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Frozen Canals
Hi guys – I imagine a few of you are out there now dealing with frozen cruising conditions (in more ways than one!)
As only a holiday boater (well, commercial as well, but that’s coastal RIBs!), but slowly planning towards a life more narrow and afloat mainly CCing in a year or so .. can I ask a question of your experience
How do plan for the canal being frozen ? – if you constantly cruise, clearly water and fuel are essential, and so you cant risk being stuck in one place for too long?
Does the forecast predict when a canal is likely to freeze, so you can prepare and get somewhere supportive. Is it that predictable though… as it must depend not just on temperature I suspect, but variables like flow rates and depth/width etc ?
How do you plan and then deal with being frozen it one place ?
Thanks
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Fuel, you should always keep your tank topped up, especially in Winter, as it helps stop condensation, a full fuel tank should easily last longer than a frozen cut in this day and age.

Similarly with water, never miss an opportunity to fill your tank, work out how much you use normally(how quick your tank empties), and then see what you can do with water economy, but also make sure you have a rolling water barrel or containers available in case of long freeze.

If its windy, only sheltered bits will freeze, if it's a still night, it will all freeze. Once its frozen, and the temps hover around zero or less, then it just gets thicker.....a covering of snow protects it against winter sunshine...so it keeps getting thicker.. 

Rivers take longer to freeze, but get there eventually.

Genuine cc-ers used to head to the Llangollen in the Winter as there is quite a flow.

..which slows ice formation, and helps speed melting.

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Many water points will freeze, so even if you are close to them, you still won't be able to get more water. This is true if you are on a mooring, as well as CCing through the winter. I keep an eye on the forecast. Usually you get a warning of several days to a week that a long cold spell is coming. Blocking high, easterly winds and so on. Make sure all the laundry is done, then top the tank up on the last >0C day and go to minimum water usage. Shower elsewhere if at all possible. Conversely, a cold snap makes moving coal, cassettes, shopping and so on along the tow path easier as the mud freezes solid!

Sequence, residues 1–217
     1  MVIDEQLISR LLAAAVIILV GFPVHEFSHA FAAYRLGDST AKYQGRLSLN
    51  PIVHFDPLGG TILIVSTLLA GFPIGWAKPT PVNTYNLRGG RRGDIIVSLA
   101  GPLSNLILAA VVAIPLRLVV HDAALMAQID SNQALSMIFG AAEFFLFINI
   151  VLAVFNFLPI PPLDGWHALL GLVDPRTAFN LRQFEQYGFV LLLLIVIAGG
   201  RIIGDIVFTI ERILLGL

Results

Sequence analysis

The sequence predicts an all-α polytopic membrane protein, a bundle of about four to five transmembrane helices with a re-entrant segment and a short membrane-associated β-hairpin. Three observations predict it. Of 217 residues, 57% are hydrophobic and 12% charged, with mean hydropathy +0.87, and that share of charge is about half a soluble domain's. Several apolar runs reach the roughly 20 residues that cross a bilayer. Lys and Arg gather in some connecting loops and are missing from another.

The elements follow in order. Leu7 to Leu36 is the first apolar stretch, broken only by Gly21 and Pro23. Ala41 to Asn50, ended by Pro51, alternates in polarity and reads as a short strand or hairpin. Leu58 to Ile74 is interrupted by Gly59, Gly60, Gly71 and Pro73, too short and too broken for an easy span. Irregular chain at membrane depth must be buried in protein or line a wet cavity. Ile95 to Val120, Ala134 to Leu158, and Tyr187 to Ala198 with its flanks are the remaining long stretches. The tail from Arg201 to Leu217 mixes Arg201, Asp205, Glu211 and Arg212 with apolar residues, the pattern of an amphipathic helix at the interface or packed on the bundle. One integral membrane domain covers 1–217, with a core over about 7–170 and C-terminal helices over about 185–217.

Jen

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19 minutes ago, Nelly Mac said:

How do you plan and then deal with being frozen it one place ?

 

 

Just as important as fuel and water :

 

Hopefully you wil have a boat with a proper cassette type toilet, when full you can remove the cassette, slide in a spare, stick the full one on your trolley and walk down the tow-path until you get to somewhere to empty it.

Having a boat with a big pump-out tank under the bed, when its full and the canal is frozen you are (literally) in the sh$t, no way can you lift the boat out, tuck it under your arm and take it somewhere to empty it. Where do you "go" now ?

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Keep a close eye on the weather forecast.

Full diesel and water tanks, empty poo tank, coal on the roof and food and drink in the boat. That's about it.

Its impossible to predict which pounds will freeze, going up or down one lock or a few trees at the canalside can make the difference.

 

If you think a real big freeze is on its way find a suitable spot, ideally with a water supply a decent walk away (if you don't have access to a car). Best not get too close to a tap as the sort of people who moor right next to a tap and not always the sort of people you want as neigbours.

 

In 11 years we have been seriously frozen in once (6 weeks) and are moderately frozen in a second time now, plus a few freezes of a few  days when moving might just be possible but would be anti-social.

 

Both freezings-in have been boating highlights. Hill walking in the snow today and came back to a nice warm boat.

 

...........Dave

 

 

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9 minutes ago, Alan de Enfield said: